money. The jury recommended him to
mercy and he was sent to the penitentiary
for life.
Col. Henry T. Thompson, of Columbia,
was last Saturday elected colonel of the
second regiment, defeating Col. D. 0.
Herbert, of Orangeburg, who was a candidate
for re-election. Col. Thompson is
an able military man, and his election is
a most fortunate thing for the second
regiment.
At a fourth of July barbecue on Tuesday
at Gaston, Lexington county, severs1
white men were drinking and got to
fighting. When the battle was over one
man was fatally stabbed, another shot
and will die, and another dangerously
shot in the hip. Whiskey and an old
grudge caused the trouble.
Senator Tillman made a speech at
Greenville on Tuesday on the cotton
question. He did not touch on politics
much, but said the dispensary was rotten
and unless the legislature took steps to
clean it up he was going to help vote it
out. He believes the dispensary can be
reorganized and made the best system for
nrKiolrATr
uauunug r\ xiiock.\jj
A young white man named Pope McCarty
was shot twice and dangerously
wounded last Saturday afternoon in
Saluda county by a negro named Jim
Bell. The negro was also shot twice and
seriously hurt. The white man and negro
were gambling and the white man refused
to settle up when the time came, so the
negro pulled his pistol and opened fire,
which was returned by McCarty. This
same white man was almost killed a few
years ago in a gambling row with negroes.
Shot by Stepfather.
Bbranchville, June 29.?Steve Wolfe,a
negro boy, was shot and almost instantly
killed by his step-father, Joe Easterlin, at
the latter's house, on the Fairey place,
near here, this morning. It appears that
bad blood has existed between the two
for some time, but it is not clear whether
the shooting was done in self-defence, or
was deliberate murder, though it is said,
the boy had a pistol in his hand when
shot.
Easterlin left soon after the shooting
and has not yet been captured. The coroner's
jury viewed the body and will
render a verdict later.
It Served Them Bight.
"Courtesy always pays," said Mme
Rejane, the French actress, to an interviewer.
"If we are courteous to people,
they like us and they try to help us. If
we are discourteous to them, they hate
and oppose us.
"Two women occupied a compartment
in a railway carrage with one man, a
strancrer. They were extremely rude to
this mail. In whispers that he could
overhear they criticized his costume,
his figures and his manner. He, to be revenged,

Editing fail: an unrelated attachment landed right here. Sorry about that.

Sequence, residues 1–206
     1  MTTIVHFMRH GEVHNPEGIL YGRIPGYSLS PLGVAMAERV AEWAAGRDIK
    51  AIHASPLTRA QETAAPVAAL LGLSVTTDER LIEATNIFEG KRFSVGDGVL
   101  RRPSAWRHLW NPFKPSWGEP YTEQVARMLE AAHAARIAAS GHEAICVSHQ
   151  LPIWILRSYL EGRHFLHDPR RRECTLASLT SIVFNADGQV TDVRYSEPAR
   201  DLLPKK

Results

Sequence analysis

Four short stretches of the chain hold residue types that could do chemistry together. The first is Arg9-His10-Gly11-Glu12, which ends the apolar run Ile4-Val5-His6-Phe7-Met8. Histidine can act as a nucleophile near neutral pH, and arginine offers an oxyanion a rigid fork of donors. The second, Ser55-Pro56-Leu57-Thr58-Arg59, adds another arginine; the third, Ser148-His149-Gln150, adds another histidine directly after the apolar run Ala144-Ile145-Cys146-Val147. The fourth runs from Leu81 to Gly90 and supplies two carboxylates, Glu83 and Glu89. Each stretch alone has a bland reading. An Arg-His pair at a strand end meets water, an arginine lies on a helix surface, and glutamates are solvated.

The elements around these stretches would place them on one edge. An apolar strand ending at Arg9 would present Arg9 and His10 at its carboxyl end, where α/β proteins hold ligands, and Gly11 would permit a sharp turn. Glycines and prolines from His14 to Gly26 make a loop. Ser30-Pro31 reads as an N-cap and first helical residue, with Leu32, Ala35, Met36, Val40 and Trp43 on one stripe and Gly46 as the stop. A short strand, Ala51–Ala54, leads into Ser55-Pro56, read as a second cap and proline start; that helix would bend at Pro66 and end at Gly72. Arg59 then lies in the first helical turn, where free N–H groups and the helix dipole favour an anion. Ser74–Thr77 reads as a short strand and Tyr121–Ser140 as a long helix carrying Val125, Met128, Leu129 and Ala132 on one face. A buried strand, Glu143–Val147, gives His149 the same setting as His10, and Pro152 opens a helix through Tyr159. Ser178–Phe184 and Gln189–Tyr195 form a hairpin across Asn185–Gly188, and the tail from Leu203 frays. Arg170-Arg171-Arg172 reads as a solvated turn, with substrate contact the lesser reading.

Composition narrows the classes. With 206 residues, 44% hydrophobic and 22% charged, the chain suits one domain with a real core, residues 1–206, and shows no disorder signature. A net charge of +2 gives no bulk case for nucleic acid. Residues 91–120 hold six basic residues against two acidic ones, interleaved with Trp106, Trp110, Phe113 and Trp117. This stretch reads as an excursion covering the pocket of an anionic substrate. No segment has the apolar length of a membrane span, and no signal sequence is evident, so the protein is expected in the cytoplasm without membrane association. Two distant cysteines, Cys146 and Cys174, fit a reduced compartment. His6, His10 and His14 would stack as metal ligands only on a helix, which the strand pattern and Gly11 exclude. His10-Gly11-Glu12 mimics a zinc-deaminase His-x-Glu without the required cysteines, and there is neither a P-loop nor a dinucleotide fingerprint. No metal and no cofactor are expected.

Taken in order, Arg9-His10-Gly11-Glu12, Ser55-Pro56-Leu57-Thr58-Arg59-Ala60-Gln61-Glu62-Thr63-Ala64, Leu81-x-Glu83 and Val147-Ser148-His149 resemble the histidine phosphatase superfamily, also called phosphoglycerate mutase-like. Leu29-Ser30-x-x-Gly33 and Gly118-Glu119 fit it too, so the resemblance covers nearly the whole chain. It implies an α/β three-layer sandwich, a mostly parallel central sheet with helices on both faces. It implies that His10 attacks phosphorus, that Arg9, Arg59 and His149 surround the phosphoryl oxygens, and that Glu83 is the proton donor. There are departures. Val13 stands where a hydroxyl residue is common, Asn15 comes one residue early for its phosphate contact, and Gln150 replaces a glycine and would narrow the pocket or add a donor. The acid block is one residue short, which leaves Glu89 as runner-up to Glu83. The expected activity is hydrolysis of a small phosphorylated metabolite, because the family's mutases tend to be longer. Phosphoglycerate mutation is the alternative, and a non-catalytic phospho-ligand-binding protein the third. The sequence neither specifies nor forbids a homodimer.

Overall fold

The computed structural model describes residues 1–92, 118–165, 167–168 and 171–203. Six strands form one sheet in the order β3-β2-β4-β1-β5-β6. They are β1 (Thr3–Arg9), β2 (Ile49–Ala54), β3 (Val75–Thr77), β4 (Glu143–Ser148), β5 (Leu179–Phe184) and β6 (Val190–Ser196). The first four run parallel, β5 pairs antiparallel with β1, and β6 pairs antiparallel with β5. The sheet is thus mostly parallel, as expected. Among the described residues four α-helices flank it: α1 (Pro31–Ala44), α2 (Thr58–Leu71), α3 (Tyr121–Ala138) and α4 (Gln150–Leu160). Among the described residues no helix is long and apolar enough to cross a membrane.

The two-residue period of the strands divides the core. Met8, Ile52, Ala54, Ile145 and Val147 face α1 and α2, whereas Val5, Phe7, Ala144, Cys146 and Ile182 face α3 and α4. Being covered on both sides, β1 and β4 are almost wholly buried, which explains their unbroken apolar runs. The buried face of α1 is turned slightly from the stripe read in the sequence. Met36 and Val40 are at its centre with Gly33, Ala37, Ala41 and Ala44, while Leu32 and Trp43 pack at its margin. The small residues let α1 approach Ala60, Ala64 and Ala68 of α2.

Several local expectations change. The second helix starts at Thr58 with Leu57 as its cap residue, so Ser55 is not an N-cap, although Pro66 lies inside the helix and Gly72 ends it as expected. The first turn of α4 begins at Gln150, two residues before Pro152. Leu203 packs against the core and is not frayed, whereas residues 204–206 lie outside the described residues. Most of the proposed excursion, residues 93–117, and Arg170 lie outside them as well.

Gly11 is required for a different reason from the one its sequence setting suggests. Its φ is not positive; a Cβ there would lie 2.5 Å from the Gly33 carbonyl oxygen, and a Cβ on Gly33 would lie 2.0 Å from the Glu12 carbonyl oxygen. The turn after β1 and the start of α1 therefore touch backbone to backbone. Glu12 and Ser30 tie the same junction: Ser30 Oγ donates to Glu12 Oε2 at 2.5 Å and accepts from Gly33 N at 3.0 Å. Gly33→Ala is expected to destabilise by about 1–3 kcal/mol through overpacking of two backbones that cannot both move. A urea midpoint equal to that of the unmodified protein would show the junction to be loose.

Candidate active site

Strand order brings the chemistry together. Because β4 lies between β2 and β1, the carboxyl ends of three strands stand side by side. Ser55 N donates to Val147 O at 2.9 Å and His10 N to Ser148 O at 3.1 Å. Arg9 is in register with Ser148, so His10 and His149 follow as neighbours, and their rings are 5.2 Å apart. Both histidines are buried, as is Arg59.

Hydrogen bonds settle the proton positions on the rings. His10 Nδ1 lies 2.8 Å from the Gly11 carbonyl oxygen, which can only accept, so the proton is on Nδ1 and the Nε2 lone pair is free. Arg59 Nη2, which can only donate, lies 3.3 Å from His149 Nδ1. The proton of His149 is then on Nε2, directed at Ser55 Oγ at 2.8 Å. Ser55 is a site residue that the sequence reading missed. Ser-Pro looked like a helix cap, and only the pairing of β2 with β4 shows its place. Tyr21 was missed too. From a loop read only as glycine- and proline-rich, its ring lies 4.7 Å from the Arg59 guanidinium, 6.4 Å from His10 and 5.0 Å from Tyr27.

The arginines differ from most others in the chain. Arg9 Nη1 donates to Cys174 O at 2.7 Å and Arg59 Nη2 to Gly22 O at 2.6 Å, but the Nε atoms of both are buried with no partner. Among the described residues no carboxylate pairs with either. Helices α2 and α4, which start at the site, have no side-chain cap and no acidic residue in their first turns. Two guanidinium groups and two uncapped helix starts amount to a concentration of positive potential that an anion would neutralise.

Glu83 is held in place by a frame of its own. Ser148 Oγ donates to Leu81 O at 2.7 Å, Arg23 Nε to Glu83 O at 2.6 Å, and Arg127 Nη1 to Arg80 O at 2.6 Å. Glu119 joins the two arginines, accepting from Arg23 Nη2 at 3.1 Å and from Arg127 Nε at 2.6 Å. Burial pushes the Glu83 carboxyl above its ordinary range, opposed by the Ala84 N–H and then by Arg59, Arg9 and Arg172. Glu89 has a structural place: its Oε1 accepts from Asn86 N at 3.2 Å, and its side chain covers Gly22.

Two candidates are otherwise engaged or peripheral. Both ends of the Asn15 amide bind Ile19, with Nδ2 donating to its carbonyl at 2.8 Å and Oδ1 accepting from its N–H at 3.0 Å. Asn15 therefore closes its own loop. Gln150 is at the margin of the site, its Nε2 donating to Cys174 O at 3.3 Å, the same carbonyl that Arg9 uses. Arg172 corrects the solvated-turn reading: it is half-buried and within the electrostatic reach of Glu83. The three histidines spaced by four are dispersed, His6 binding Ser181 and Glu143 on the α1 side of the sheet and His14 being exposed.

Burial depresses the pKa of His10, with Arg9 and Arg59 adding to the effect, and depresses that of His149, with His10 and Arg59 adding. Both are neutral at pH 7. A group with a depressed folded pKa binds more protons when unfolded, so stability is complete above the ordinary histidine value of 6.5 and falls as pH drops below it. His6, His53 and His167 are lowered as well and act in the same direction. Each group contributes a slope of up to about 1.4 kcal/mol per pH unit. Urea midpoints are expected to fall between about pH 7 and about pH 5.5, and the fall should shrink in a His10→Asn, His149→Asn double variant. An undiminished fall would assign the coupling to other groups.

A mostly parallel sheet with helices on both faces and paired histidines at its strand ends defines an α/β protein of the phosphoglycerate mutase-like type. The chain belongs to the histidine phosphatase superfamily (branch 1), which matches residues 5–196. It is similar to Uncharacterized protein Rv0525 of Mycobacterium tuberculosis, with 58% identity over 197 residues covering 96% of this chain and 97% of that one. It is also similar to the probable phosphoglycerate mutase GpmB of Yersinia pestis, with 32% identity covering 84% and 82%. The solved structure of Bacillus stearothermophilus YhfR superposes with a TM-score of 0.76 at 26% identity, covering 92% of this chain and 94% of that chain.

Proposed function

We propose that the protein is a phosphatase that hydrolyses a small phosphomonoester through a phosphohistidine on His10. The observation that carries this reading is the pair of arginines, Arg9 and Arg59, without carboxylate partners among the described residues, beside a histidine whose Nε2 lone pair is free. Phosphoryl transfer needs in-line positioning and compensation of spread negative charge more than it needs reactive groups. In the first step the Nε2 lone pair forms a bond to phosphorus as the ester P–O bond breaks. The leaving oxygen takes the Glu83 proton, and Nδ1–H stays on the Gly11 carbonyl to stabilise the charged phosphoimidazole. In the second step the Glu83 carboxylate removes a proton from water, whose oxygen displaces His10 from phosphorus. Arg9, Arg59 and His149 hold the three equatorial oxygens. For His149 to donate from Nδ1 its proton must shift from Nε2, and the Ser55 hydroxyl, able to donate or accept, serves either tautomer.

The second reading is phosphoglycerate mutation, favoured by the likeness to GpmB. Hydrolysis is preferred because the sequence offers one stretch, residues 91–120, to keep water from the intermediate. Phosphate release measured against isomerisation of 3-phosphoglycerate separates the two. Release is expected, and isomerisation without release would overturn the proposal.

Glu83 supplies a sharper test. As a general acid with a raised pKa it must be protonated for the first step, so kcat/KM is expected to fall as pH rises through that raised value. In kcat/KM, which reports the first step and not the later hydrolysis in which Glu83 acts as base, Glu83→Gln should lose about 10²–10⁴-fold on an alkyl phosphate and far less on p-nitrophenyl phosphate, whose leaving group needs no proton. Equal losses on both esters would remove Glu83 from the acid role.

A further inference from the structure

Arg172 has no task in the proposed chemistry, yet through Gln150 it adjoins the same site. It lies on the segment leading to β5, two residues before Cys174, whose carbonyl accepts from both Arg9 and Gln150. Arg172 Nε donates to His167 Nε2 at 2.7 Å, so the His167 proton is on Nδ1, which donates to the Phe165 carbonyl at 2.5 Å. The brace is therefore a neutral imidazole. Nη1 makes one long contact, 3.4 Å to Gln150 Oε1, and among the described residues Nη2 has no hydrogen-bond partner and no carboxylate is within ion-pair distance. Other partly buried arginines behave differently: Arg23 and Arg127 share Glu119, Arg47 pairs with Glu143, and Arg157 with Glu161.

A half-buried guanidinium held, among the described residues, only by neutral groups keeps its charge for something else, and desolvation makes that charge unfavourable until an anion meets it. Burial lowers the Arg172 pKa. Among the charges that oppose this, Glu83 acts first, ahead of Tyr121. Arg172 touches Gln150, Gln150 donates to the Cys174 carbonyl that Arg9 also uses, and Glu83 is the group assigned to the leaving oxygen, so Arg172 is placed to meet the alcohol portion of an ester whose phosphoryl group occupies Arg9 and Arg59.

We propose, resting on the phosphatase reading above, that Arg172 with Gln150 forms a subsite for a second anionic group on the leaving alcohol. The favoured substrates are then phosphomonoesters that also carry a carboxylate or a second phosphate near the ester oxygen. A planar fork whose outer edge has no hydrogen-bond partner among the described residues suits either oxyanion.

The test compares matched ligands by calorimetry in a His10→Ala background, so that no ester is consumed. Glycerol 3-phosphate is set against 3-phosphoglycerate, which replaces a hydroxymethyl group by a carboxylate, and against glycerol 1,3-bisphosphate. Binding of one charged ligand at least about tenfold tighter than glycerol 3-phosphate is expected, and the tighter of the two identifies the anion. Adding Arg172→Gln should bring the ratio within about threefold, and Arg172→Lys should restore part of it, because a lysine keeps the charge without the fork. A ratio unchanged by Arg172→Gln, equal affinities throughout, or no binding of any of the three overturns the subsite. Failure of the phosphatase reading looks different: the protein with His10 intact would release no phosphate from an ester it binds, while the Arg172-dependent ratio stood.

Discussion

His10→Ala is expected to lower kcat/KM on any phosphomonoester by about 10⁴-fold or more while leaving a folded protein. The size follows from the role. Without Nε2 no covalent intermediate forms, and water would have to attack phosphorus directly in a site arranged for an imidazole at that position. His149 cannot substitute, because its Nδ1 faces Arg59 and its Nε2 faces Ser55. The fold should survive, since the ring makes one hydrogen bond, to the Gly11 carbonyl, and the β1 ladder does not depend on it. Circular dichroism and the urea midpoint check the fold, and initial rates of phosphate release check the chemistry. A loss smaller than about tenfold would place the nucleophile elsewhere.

did a singular thing.
"The blackness of a tunnel enveloped
the car, and under cover of the darkness
the man kissed the back of his hand
loudly and repeatedly. Then, when the
train entered the light again, he looked
from one woman to the other with a
significant smile.
"They exchanged glances of suspicion.
"Was it you he kissed?"
"No, of course not. Was it you?"
"And neither lady would believe the
other's denial, and each, in her innocent
heart, was offended to think that the man
had chosen her companion instead of her1
r * - u:? man lrtAlrorl />nnl onrl
sell lO tk.iSS. JL ULt. Ui?u vvvi
complacent. When, finally, he rose to go
he said, lifting his hat with a jocular air:
"'Have no fear, ladies; I shall never tell
which of you it was."?Buffalo Enquirer.
An insurance agent says that the young
wife of an old man rejuvenates him, and
that he would consider a man of 70 who
married a girl of 20 a much better risk
than before. Here is a point to be considered
by those sweet young things with
a keen sense of business who pick out
eligible old men with one foot in the
grave.
$10,000 DINNER IN LONDON.
A Wonderful Entertainment Given at the Savoy
by an "American."
London, June 30.?A wonderful dinner
party, costing $10,000, was given at the
Savoy Hotel to-night to twenty-four
American guests by Mr. Kessler, a well
known New Yorker. An enormous gondola
was built in one of the Court yards
of the hotel in the centre of which the
guests sat down.
This gondola was surrounded by water
on which real swans and ducks were introduced
and scenes of Venice were
painted all around. There was a ceiling
of dark sapphire blue, through which
gleamed twinkling stars to light the table.
Rows of Venetian lanterns were arranged
on the gondola, which was painted
white and decorated with festoons of smilax
and pink roses. A pontoon bridge
was erected over the lake, across which
waiters brought the various dishes, while
a magnificent cake "was borne to the
guests on the back of Jumbo Senior, said
to be the smallest elephant in Europe.
The reception room was really perfectly
lovely. It opened on to the Court yard,
where the gondola was, and masses of
pink roses, carnations and sweet peas ]
were most artistically -and lavishly ar- .
ranged in it. It was one of the prettiest .
sights that has ever been seen, and reflects
much credit on the hotel for the skilful <
and beautiful way in which it was carried ,
out. ' i
His Worry.
"I say, Sambo," said a gentleman to-an (
improvident negro who had just lost a
job for the third or fourth time, "aren't
you worried over the question of wherewithal
to support you?"
"Lordy, Marse Henry," was the reply,
" I ain't worrin' about wherewithal; Fs
worrin' about de wherefore fur de herein."
Good Trinities.
T r, Qf T.ftrtia thoro ia a flavin or that flip npn
Aii ?wvr ? J r
pie of North Carolina believe in three
things; hell, calomel and Democracy?a
mighty good trinity, each in its place.
In a speech at Richmond this week in
a tribute to Robert E. Lee, the new president
of the University of Virginia, Dr. E.
A. Alderman, said amid great applause:
"I have said before, and I repeat it now,
that we of the South are the only people
in all the world who still read Sir Walter
Scott, fear God and vote the democratic
ticket."
Both are good trinities!
At the Court Ball.
Countess?Oh, your Royal Highness,
just look at the baroness! Isn't it shockingly